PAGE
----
Japan is investigating a possible breach of sensitive defense contracting data following a cyberattack last year on electronics giant Mitsubishi Electric, officials said Wednesday.
Data likely stolen in the hack, which Mitsubishi disclosed earlier this year, included specifications of hypersonic missile prototypes that Japan is developing, according to a report in Asahi Shimbun, a Japanese newspaper. The Ministry of Defense had sent the specifications to multiple companies, including Mitsubishi, interested in bidding on the missile contract, the report said.
At a press conference Wednesday, government spokesperson Yoshihide Suga confirmed that Japan’s Ministry of Defense was examining the incident’s impact on national security, but declined to give further details. Mitsubishi said in a statement that it reported the breach to the Japanese government in February. The company said it was taking steps to protect its data.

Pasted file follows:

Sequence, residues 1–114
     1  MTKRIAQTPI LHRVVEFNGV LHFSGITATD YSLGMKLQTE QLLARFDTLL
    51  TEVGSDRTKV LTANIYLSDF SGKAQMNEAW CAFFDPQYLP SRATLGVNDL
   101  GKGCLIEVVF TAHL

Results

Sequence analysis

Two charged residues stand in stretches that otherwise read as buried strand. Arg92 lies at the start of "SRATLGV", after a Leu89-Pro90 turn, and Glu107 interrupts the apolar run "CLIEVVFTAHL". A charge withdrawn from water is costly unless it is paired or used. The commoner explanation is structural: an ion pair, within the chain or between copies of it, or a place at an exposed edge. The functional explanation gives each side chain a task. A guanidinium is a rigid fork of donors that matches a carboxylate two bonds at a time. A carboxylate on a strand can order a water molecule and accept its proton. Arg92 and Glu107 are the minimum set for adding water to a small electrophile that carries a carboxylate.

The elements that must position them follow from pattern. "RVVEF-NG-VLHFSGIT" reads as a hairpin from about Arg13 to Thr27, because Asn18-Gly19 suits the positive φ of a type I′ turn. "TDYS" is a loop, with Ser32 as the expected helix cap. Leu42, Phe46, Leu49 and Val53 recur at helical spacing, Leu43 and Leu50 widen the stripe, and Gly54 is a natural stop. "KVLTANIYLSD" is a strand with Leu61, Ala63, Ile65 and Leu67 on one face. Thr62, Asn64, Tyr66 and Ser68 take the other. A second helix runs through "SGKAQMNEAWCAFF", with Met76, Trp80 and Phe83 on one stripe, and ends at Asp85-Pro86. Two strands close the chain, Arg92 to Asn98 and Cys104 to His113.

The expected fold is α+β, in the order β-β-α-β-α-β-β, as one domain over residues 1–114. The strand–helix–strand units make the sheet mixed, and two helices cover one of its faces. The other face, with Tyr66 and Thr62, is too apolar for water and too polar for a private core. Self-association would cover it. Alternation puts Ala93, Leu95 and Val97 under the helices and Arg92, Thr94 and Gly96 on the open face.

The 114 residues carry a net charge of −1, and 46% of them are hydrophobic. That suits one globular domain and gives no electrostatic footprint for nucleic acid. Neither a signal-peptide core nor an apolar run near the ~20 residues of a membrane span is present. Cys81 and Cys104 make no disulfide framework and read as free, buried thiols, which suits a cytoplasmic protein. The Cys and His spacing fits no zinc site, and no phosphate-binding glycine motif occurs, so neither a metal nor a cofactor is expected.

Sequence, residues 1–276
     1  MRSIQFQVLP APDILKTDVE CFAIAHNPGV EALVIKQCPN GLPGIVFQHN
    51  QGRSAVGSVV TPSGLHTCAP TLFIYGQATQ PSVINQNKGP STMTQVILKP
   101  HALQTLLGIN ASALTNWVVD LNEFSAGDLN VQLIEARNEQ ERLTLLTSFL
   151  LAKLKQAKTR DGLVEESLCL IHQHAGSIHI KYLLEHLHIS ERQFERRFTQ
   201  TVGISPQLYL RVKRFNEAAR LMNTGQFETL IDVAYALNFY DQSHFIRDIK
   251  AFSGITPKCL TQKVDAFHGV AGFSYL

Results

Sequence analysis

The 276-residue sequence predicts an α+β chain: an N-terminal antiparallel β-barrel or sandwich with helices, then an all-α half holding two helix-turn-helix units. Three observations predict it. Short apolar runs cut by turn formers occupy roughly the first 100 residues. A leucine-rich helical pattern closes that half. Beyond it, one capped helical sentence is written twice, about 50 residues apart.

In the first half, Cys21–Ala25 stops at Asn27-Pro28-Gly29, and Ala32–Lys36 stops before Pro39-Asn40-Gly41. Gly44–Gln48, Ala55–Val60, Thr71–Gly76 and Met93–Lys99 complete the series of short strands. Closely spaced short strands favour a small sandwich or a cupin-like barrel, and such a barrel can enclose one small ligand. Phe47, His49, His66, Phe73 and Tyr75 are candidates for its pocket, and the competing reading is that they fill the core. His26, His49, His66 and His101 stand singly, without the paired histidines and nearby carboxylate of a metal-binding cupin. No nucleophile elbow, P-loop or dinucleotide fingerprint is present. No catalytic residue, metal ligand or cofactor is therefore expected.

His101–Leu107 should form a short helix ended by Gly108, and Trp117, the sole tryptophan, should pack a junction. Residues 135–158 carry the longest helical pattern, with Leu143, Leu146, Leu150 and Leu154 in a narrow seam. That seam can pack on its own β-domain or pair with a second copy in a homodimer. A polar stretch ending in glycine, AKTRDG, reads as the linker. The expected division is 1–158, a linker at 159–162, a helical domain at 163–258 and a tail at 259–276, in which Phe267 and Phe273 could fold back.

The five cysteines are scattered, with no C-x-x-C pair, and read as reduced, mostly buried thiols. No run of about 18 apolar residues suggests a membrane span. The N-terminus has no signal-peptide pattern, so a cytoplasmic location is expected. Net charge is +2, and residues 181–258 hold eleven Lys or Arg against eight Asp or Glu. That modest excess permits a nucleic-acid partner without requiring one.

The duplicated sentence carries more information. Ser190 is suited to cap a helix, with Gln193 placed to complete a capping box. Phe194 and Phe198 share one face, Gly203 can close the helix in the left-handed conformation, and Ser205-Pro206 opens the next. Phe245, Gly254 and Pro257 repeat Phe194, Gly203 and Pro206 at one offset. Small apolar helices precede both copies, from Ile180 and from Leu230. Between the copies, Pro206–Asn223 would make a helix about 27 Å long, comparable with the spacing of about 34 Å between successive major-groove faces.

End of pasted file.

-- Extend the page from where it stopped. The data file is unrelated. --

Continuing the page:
It was not clear who was responsible for the hack on Mitsubishi. The Ministry of Defense did not respond to a request for comment.
Defense contractors for multiple governments have long been targeted by hackers looking to steal weapons schematics. Seven years ago, a confidential U.S. Defense Department report cited by the Washington Post said Chinese spies had hacked designs for several advanced U.S. weapons systems. Since then, U.S. defense contractors have moved to fortify their networks but still face an array of threats.
The Pentagon opened a facility last year to enforce cybersecurity rules for guarding data on weapons systems.